Unfortunately, I could sense from the first page that this book was not aimed at me, and even less so, actually of interest to me. As I pushed through the first 130 pages, bemused, yet oddly willing to read on, I finally gave up, however, when I just couldn’t take any more. I finally put the book down on the commute to work as I read:

“It is rare that a gay man makes it from young adulthood into middle age without suffering at least moderate relationship trauma. The odds are stacked wildly against the possibility that even the most well-adjusted gay man would choose to be in a relationship with another well-adjusted gay man. It rarely happens. And so, two wounded men come together in what starts as a loving union and often ends in a traumatic and heart-wounding separation.”

For me, that was it. I had really tried to make it through this book, taking what was said with a pinch of salt and hoping it would somehow save itself from being hyperbolic and chronically reductive. From the very first pages, this book only talks of  gay stereotypes, focusing on ‘scene queens’, drug abuse and promiscuous sex.  The book is hugely sweeping, assuming that all gay men have a mother who ‘mothered’ too much and a father who didn’t care enough, which, for a start, reinforces gender stereotypes. It goes on to say all gay men have amazing jobs and houses and live a life of luxury. I felt as if the book was constantly trying to tell me I was damaged and could therefore never seek happiness, despite the fact that I live a perfectly happy life.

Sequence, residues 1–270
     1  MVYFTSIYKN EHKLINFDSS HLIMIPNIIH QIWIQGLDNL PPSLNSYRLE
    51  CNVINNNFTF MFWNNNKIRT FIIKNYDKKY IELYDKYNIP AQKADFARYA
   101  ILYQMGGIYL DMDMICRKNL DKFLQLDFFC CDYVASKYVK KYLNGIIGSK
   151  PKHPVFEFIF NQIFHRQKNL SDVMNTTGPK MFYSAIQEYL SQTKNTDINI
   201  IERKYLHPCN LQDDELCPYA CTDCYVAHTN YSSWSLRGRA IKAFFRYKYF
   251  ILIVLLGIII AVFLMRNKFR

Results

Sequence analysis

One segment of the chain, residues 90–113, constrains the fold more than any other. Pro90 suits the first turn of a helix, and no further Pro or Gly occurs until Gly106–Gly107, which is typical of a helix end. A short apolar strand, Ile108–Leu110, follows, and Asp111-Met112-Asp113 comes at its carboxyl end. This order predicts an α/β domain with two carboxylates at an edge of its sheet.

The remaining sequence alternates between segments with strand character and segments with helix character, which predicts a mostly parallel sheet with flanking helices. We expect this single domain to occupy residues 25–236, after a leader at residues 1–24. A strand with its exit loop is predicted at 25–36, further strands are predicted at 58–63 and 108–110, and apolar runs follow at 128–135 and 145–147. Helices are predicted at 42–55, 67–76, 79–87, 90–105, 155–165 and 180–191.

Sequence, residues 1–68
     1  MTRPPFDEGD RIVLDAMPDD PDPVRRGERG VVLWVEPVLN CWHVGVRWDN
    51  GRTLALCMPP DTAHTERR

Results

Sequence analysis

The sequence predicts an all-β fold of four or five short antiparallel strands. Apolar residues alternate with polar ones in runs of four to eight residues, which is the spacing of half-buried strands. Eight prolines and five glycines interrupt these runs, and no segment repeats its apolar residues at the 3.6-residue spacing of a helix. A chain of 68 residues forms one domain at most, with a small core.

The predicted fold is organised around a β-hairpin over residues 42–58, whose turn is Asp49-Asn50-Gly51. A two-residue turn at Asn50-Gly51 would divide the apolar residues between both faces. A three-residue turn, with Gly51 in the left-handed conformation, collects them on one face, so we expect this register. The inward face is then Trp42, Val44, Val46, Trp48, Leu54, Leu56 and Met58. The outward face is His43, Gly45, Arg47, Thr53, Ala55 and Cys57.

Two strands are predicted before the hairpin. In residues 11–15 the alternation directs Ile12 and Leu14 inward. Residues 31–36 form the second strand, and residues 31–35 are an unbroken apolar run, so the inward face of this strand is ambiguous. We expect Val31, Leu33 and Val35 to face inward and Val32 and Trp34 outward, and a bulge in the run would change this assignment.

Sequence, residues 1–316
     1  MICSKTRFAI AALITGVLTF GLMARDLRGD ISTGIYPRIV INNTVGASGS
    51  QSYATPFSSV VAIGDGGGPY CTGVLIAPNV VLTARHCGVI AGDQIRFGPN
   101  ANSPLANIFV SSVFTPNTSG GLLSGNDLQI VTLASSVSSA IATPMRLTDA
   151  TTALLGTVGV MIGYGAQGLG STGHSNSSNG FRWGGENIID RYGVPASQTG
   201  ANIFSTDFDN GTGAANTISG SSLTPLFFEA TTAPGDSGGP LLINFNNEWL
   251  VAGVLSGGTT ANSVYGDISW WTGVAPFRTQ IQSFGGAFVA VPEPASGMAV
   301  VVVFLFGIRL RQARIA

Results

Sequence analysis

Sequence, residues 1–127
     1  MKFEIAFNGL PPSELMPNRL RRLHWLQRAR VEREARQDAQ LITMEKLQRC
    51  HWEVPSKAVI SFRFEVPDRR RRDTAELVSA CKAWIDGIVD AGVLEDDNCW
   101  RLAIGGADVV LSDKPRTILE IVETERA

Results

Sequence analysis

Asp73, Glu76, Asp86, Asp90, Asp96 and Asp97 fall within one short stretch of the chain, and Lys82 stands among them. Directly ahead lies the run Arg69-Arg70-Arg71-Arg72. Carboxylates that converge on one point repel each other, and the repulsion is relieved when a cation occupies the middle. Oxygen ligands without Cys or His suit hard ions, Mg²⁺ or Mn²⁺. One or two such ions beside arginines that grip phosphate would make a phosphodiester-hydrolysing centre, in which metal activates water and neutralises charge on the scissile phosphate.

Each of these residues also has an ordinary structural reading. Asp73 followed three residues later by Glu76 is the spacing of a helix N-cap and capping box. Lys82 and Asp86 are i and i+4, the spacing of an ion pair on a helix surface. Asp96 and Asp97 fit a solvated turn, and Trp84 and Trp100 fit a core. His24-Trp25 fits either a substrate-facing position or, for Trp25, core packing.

Of course, the book does lead up to a climax that I guess tells you how to live a happy/happier life, and that happiness is achievable, but this is a climax I never reached and frankly couldn’t be bothered too. After being constantly bombarded with reasons why I should feel shame and trauma, I realised the ‘happy ending’ wasn’t even worth reaching. It isn’t worth crawling through this book for a solitary chapter at the end that claims everything is going to be fine. Throughout Downs seems to be offloading his own shame and trauma onto the reader, like he has become tired of practising psychology and finally wants someone else to take on this burden.

This book isn’t only anything but enlightening, but it also risks being damaging. With campaigns like ‘It Gets Better’ striving hard to, quite rightly, tell teenagers that being gay is okay and that it does indeed get better, this book risks reversing this. I can’t imagine that a teenager struggling with his (or her, although Downs does open by explaining this book isn’t aimed anyone who identifies as a lesbian) sexuality would find much comfort in this book, unless he pushes through to the end, which if he is seriously doubting his sexuality seems unlikely. The first 130 pages (at least) would, if anything, almost reinforce the negative or confused feelings he might be having. This book doesn’t celebrate homosexuality, it promotes gay stereotypes. This book is very narrow in its target audience and doesn’t include the “entire generation of gay men” it sets out to.

(I do not own the rights to this image)